MAX Mosley and Vince Cable. The two stories could not be more different. Nor could the two bodies ruling on them yesterday (May 10 2011). But they do share two important questions for journalists.
Vince Cable did nothing as exciting as Max Mosley… as far as we know – my information is that he has not taken out a super-injunction.
The Press Complaints Commission (PCC), though, did accept that what he and other Liberal Democrat Ministers told Telegraph reporters was in the public interest. The problem was that the reporters used subterfuge and, when they started on the story, did not have enough evidence to justify it.
In contrast, revealing the use of prostitutes by the head of a multi-million pound international sports organisation was not in the public interest, according to the European Court of Human Rights (ECHR).
An audible sigh of relief will have gone up in newsrooms around Europe that the Court does not require them to notify people who feature in stories they’re about to publish. So it was easy to forget that the Court also called the original story “a flagrant and unjustified invasion of the applicant’s private life”.
That confirms that the Mosley ruling was no aberration in European human rights law. Revealing that a public figure cavorted with prostitutes is not in the public interest… well, presumably as long as the prostitutes are not under-age and are for his own personal use.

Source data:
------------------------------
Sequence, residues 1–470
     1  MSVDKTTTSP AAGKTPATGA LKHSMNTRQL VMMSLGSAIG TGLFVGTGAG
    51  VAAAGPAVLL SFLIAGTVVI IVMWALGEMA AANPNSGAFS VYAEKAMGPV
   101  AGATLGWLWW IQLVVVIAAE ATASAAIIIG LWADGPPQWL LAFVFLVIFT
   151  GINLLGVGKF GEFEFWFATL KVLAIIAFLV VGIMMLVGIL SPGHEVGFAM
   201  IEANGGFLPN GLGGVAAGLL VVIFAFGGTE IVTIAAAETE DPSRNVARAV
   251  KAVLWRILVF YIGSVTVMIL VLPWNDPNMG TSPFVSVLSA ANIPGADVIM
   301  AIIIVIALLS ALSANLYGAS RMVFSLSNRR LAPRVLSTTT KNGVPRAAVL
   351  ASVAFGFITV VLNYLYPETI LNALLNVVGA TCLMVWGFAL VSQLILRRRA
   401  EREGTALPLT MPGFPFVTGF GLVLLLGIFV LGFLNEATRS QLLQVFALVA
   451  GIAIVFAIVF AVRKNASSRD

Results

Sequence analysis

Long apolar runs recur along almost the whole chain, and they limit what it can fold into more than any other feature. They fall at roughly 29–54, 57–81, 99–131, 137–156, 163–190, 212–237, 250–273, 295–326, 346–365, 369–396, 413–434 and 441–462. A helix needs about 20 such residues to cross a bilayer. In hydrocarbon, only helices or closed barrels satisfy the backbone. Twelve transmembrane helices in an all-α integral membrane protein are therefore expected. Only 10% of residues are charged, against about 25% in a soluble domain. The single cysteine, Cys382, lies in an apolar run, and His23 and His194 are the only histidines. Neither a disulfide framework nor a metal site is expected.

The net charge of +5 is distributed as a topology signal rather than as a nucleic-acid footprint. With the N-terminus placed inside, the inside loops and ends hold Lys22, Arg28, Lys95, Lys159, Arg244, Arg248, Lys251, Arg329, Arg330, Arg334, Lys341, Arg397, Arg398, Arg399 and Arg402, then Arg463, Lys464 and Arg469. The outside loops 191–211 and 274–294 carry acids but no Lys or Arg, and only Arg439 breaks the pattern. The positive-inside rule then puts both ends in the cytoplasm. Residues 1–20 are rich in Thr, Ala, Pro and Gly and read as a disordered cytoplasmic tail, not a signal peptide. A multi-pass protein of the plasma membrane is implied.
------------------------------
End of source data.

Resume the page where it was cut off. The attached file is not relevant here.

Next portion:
The Court also noted that the “photographs and video footage, obtained through clandestine recording, … undoubtedly had a far greater impact than the articles themselves”.
So, both stories involved subterfuge. This is prohibited by the PCC Editors’ Code of Practice, which says it “can generally be justified only in the public interest and then only when the material cannot be obtained by other means”.
The first question is: What is in the public interest?
The PCC’s definition of the public interest includes “preventing the public from being misled by an action or statement of an individual or organisation”. This would have covered the Mosley case.
Yet this is clearly not a definition the ECHR, the High Court in London or any court in the UK would accept without a lot more qualifying clauses being added.
The second question is: How do you know it is in the public interest before you begin to investigate?
First, there has to be “a broad public interest in the area” you have chosen to investigate, the Commission said yesterday.
Second, you need to have “specific information, the significance of which could be established in advance”. In contrast, the Telegraph’s inquiries were based on “broad assertions” of disquiet.
Third, the methods used must not be disproportionately intrusive. Adds the PCC: “Recording individuals using clandestine listening devices without their knowledge was particularly serious and intrusive, requiring a strong public-interest defence.”
So you must have evidence in advance that a matter of public interest is probably involved.
The PCC intends to issue further guidance on the use of subterfuge. Given the gap that already exists between what it and the courts say about the public interest, I’m not sure how much use it will be.
Francis Shennan is an award-winning journalist and a Visiting Lecturer in Media Law at Stirling and Strathclyde universities.